Wildcats have great shot at winning Big 12

By Steve Sell
January 23, 2019

Less than 3 weeks ago, Bruce Weber couldn’t have run for dogcatcher of Manhattan.

His Kansas State Wildcats lost their Big 12 opener, at home no less, by 20 points. They scored 47 points as their offense was as antiquated as the football team’s.

Then came a competitive road loss at Texas Tech, but nevertheless still a loss. The Wildcats were 0-2 to start the Big 12.

West Virginia and former Kansas State coach Bob Huggins then came to town. The Mountaineers hit the Wildcats in the mouth, leading by as many as 21 points early in the second half as the Octagon of Doom was as quiet as a church mouse.

But just as the toilet was about to be flushed on the season, the handle got stuck.

The Wildcats’ crowd willed them to their biggest comeback win ever as they pulled out a 71-69 victory to put a temporary salve on the wound.

Then, maybe the actual game to turn things around, the Wildcats sneered at Iowa State’s alleged “Hilton Magic” and came away with a 58-57 victory, a signal that something special may be happening.

Kansas State then knocked off Oklahoma, TCU and on Tuesday, they strafed Texas Tech to move to 5-2 in the Big 12 to tie with Kansas.

And Weber could probably win the mayoral race now.

The Wildcats have taken a circuitous route to the top, but this is where they were supposed to be. After all, they were picked my most experts to finish second to KU after making an Elite 8 run last year. They returned nearly all of their firepower and know they had better do something special this year because Dean Wade, Barry Brown and Kamau Stokes are about to exhaust their eligibility.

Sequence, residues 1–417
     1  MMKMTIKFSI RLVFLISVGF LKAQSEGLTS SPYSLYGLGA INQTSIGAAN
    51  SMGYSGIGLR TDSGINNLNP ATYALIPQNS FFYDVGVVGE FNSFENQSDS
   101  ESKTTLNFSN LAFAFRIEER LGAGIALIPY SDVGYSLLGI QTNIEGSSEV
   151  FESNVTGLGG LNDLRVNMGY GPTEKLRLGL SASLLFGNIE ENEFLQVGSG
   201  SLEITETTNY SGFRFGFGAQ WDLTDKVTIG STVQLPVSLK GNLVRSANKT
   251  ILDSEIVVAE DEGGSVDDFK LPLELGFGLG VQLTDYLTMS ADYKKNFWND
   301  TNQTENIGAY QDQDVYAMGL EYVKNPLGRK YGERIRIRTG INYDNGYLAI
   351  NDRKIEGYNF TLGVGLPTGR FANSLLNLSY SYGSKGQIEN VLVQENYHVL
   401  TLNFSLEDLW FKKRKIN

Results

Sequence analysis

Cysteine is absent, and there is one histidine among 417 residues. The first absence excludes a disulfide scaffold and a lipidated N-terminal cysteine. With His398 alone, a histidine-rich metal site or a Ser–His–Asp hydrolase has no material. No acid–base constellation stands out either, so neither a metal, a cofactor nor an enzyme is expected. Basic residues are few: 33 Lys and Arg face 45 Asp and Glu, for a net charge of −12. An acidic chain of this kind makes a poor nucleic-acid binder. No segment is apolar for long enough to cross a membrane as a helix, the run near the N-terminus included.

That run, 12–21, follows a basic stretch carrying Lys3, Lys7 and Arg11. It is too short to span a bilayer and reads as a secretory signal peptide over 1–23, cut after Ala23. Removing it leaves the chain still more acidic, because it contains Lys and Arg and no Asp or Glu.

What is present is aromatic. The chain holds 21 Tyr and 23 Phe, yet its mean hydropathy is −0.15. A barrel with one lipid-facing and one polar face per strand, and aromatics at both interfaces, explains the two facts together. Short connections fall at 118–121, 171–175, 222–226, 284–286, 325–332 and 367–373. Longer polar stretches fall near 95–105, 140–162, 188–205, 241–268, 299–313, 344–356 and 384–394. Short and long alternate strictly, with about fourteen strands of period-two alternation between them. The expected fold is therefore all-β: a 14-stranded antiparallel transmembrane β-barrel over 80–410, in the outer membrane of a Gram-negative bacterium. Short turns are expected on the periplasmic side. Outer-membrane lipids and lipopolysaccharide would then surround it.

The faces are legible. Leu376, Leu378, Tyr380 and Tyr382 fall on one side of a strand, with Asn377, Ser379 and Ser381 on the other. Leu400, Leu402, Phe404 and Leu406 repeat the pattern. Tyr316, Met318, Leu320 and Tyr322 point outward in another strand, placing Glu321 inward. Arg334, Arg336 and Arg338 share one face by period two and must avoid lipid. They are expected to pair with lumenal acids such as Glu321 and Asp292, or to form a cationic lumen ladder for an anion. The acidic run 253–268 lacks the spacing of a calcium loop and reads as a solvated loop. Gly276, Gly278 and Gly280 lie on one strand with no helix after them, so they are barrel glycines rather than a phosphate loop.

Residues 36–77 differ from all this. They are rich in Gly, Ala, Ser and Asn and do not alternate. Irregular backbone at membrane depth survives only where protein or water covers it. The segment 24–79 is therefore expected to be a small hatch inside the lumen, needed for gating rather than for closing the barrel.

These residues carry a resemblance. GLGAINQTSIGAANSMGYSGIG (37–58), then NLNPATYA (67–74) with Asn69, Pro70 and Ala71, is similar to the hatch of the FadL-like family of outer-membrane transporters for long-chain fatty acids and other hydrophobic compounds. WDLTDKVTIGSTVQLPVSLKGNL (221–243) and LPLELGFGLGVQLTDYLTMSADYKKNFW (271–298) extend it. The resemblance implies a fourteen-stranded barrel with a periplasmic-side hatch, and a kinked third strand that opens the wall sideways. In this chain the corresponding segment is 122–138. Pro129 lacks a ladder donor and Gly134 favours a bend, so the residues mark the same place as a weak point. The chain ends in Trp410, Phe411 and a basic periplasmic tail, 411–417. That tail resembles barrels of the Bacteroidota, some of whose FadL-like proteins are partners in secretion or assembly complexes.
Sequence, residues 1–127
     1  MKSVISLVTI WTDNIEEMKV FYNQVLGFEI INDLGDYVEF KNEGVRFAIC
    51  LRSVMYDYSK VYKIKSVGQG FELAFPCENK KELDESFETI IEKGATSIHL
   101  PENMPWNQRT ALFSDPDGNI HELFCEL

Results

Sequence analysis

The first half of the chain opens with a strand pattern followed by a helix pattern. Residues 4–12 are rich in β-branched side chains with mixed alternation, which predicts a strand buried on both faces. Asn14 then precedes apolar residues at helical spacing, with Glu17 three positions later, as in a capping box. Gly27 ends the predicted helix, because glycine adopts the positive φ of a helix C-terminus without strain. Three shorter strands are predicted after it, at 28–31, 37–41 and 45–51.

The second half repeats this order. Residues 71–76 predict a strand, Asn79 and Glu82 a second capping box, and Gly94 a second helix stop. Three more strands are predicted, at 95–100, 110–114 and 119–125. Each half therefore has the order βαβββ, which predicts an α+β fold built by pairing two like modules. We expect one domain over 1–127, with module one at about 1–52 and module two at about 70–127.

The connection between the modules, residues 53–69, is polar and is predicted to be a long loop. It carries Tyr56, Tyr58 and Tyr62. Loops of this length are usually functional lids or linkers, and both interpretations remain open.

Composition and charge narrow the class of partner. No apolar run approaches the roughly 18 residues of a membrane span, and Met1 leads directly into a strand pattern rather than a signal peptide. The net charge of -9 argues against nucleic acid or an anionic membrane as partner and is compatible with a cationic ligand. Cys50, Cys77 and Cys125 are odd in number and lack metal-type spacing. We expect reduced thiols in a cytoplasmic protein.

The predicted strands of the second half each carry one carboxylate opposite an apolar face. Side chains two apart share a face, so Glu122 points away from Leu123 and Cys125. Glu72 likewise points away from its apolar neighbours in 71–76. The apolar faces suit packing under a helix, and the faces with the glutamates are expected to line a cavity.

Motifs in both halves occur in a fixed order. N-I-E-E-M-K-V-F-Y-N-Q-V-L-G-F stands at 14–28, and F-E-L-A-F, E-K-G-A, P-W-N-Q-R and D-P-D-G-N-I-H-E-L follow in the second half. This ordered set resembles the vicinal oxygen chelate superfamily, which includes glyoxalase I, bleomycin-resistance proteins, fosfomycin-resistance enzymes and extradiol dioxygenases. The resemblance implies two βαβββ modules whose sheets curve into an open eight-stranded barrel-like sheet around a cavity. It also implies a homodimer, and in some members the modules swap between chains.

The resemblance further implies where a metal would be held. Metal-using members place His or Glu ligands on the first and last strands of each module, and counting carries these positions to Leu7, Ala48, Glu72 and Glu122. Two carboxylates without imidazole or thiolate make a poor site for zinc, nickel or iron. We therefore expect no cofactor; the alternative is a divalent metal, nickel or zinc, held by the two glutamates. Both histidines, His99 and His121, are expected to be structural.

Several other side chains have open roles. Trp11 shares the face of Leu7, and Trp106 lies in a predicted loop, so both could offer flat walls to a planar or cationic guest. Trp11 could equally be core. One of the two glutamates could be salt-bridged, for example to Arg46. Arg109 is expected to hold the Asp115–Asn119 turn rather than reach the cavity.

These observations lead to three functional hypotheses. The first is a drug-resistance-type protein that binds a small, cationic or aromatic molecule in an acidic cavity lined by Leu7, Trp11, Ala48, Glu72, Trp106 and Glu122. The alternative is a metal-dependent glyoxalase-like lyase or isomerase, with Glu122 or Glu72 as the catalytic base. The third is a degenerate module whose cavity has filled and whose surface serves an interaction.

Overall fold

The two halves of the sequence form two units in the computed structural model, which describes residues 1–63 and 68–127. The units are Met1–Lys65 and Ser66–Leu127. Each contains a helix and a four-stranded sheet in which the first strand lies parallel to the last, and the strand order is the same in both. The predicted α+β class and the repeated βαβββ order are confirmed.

Of course, the foot injury to Wade didn’t help. He missed considerable time (6 games) and the Wildcats are merely pedestrian with him out. It’s not a deep Wildcat team, especially in the frontcourt. Levi Stockard, the first big in, averages 1.7 points and Jamies Love III averages 0.5. Austin Brice, who was supposed to be the next big thing, is at a whopping 2.0.

So this is a seven-man team, nearly all of them guards. Big man Makol Mawien scores 7.2 while Wade is at 13.3.

When you look at Kansas State’s wins, the common thread is defense. This team gets after it on that end of the floor and like the saying goes, “offense can come and go, but you can control your effort on defense.”

While Wade was the preseason choice for Player of the Year, it’s Brown who’s turning heads and taking over the team. He is averaging just under 16 points a game and even though he’s shooting only 44 percent, he has an uncanny knack of getting to the basket, or at the least gets fouled.

The Wildcats have yet to play Kansas, but my guess is both teams will hold serve on their home court. Weber hasn’t exactly had a lot of success against Bill Self and the two hardly have a friendly relationship since Weber’s “funeral” stunt when he was at Illinois and succeeded Self.

If ever there was a year for the Wildcats to win the Big 12 outright, this is the year. Kansas is skittish as its young players are terribly erratic and it doesn’t have big many Udoka Azubuike. They had better take advantage of the opportunity while they have it.